1847-1848_Education—Physiology the Scientific Foundation of Morals—" Remarks on National Education"—Importance of Religion to Society—" Godless" Education—Why he could speak Plainly—" The Relation between Religion and Science"—Letter to Mrs Whately—Difficulty in defining Secular Education—The Government Scheme—The Manchester Movement—" What should Secular Education embrace ? "—Reception of the Pamphlets—The Government of this world Revealed—First Soirée of the Glasgow Athenaeum—The Liberal Cause—Charles Dickens, . . 227-242


1847-1848 Continued — Proposed Educational Association— William Ellis—Obstacles to Educational Progress—The Williams Secular School—Objects of the Teaching—Tour in Germany—The Spurzheim Family—The Death of Andrew Combe—Character of the French—The Tomb of Gall—Dr Vimont—Dr Voisin—Phrenology and the Paris Academy of Medicine—Termination of the Phrenological JournalRobert Cox—Biography of Dr Combe—The Combes at Home—The Sabbath—The French Revolution —The Labouring Classes—Ireland and the Irish—Jury Trials in Ireland—Lord John Russell—Lord Clarendon— The Currency Question, ....... 243-275


1849-1851—Biography of Andrew Combe—Parents—"Causes and Cure of Pauperism"—Barracks and Ventilation— Remedies for Ireland—Heligoland—Germany and Revolutions—" Germany Revisited in 1849-50"—The Pulszkys— Refugees in London—Spies—Proposed New Works— Death of Marion Cox—" Reasons for Declining to Subscribe the Resolutions in favour of National Education in Scotland"—The Objects of the Secularists—Lord Melgund's Bill—Lord John Russell and Education—A Lecturing Tour—Edward Lombe—Rev. Dr Robert Buchanan and the " Constitution of Man "—Demonstration in Manchester— Last Public Speech—Illness—London—The Birkbeck Schools—The Queen—Letter from Prince Albert—The Existence of God . ...... 276-301

FROM FIRST DRAFT OF "THE CONSTITUTION OF MAN' Facsimile of George Combe's handwriting . 1827.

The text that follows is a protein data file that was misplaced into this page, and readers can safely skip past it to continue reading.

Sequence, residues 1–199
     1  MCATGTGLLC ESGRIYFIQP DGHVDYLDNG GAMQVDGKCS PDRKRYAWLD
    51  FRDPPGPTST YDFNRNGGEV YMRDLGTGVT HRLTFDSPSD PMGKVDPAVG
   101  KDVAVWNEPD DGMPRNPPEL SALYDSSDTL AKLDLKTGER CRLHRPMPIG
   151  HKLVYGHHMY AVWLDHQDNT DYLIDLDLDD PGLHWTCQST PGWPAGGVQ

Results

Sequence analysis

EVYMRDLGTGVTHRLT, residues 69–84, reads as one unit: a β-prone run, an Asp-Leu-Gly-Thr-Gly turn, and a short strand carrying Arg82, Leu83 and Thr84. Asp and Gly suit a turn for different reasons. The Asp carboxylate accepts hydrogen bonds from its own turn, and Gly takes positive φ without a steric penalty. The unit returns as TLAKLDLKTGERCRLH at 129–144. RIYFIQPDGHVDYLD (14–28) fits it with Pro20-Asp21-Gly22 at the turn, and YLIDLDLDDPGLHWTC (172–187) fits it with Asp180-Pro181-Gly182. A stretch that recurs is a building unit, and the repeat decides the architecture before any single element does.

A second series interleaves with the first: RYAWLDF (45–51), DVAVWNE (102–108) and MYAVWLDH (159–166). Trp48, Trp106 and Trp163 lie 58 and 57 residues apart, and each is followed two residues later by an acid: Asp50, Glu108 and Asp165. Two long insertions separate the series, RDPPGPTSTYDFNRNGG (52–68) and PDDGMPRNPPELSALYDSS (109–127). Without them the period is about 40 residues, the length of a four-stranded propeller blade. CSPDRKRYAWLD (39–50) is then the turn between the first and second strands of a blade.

combe entered upon a new life at the beginning of the year 1837. The long-desired epoch had arrived when, with a substantial private income, he could devote all his time and energy to the propagation of phrenology. How ardently he had yearned for this privilege has been shown in the frequent expression of his hope that he might one day attain it. He had now the proud satisfaction of knowing that he had attained it by hard and zealous work. He began the new life quietly, and at once entered upon a systematic arrangement of the tasks which he proposed to perform ; they were to be the continuation of those which he had been already engaged in, and the completion of their objects so far as time and health might permit. Phrenology and education obtained his first thoughts, and in these subjects his mind embraced everything that could tend to the moral and social improvement of man-

%" VOL. II. A

2 Life of George Combe.

kind. For himself he was as eager to acquire knowledge as in his youth : he continued his studies in anatomy and physiology and chemistry, and he gave an hour every morning, before breakfast, to the German language. He did not seek leisure in his independence, but the means to do good in a wider sphere than had been hitherto open to him.

His retirement from the legal profession caused much regret amongst his clients, who, with few exceptions, accepted his recommendation to transfer their business to his friend and former assistant, Mr Eobert Aiaslie. The directors of the Shotts Iron Company, whom he had served for ten years as secretary, passed an unanimous vote of thanks to him, accompanied by the presentation of a handsome piece of plate. He was, naturally, gratified by these tokens of esteem, because they gave proof that in his devotion to science he had in no way neglected business. One of his last acts in connection with his profession was to write a defence of its respectability against what he regarded as an implied slur upon it in the biography of Sir Walter Scott.